|A Small Bowel Obstruction Caused by Mycobacterial Spindle Cell Pseudotumor|
A Small Bowel Obstruction Caused by Mycobacterial Spindle Cell Pseudotumor
Sajan Patel, MD*
Mycobacterial spindle cell pseudotumor (MSP) is an exceedingly rare tumor-like lesion characterized by spindle-cell and histiocyte proliferation secondary to mycobacterial infection. It usually affects immunocompromised patients and in most cases occurs in lymph nodes. We present a case of MSP manifesting as a small bowel obstruction.
A 63 year-old man with a history of end-stage renal disease status post renal transplant and small bowel carcinoid status post excision presented with fevers. Infectious work-up was negative, however a CT scan of the abdomen showed mural thickening and fat stranding around his small bowel anastomosis along with mesenteric lymphadenopathy. This raised concern for an infectious or inflammatory process or post-transplant lymphoproliferative disorder. The lymph nodes were not amenable to percutaneous biopsy, and his fevers eventually resolved with empiric antibiotics and he was discharged.
On outpatient follow-up, an acid-fast bacilli urine culture from his hospitalization grew Mycobacterium avium-complex (MAC). He was prescribed azithromycin and ethambutol.
The patient returned to the hospital several weeks later with left-sided abdominal pain and fevers. CT scan of the abdomen showed a small bowel obstruction along with interval enlargement of the retroperitoneal lymph nodes seen on prior imaging. Given the severity of the obstruction, the patient underwent an exploratory laparotomy where a tumor was found in the mesentery at the site of the obstruction. This tumor was excised along with surrounding lymph nodes and the involved segment of small bowel. There was initial concern for recurrence of his carcinoid tumor or a lymphoma, however surgical pathology and culture identified the mass as a mycobacterial spindle cell pseudotumor secondary to MAC infection. The patient’s small bowel obstruction and fevers resolved after his surgery and he was discharged on an indefinite course of azithromycin and ethambutol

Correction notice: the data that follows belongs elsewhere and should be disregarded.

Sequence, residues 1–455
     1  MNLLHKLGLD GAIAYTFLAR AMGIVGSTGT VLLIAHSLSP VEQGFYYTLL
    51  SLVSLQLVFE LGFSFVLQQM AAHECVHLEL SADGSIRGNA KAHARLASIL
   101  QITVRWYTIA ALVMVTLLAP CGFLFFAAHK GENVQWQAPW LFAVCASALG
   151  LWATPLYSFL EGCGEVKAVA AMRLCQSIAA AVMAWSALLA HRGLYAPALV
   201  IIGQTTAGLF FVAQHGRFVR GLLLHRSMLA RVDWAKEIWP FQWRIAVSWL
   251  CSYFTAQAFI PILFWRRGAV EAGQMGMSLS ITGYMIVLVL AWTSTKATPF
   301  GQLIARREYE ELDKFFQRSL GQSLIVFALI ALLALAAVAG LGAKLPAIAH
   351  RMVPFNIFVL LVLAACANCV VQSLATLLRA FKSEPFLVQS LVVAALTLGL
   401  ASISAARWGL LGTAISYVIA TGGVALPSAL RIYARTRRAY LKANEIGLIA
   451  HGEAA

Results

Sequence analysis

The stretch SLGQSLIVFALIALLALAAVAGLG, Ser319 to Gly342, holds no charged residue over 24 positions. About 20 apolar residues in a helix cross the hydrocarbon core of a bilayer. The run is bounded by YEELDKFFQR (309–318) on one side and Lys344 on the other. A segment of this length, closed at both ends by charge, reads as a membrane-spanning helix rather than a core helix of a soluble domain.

Mycobacterial spindle cell pseudotumor (MSP) is a rare presentation of mycobacterial infection usually seen in AIDS patients with CD4 counts less than 60/ml and those with solid organ transplants, as in our patient1,2. It can be caused by both M. tuberculosis and nontuberculosis mycobacterium. Less than 30 cases have been reported in the literature since 1985, when MSP was first described3. It has been described as occurring in the skin, spleen, appendix, bone marrow, brain, and most recently the lung4,5. To our knowledge, this is the first reported case of MSP causing a small bowel obstruction.
Histologically, MSP has been described as an “exuberant spindle cell lesion,” characterized by histiocytes containing acid-fast mycobacteria. It is also described as resembling a mesenchymal neoplasm, including Kaposi’s sarcoma. Because of their shared histologic features and predilection for immunosuppressed hosts, proper identification is important as the two diseases have distinct prognoses and treatments1.
Given its rarity, there are no set guidelines for treatment of MSP. Treatment is usually guided by the mycobacterium species identified. Patients with MSP secondary to MAC can be treated with clarithromycin and ethambutol. Duration is usually life-long in patients without immune reconstitution. Anti-retroviral therapy is indicated in patients with AIDS-associated MSP.
Submitted on July 28, 2013
© copyright 2015 Anonymous & UCLA Department of Medicine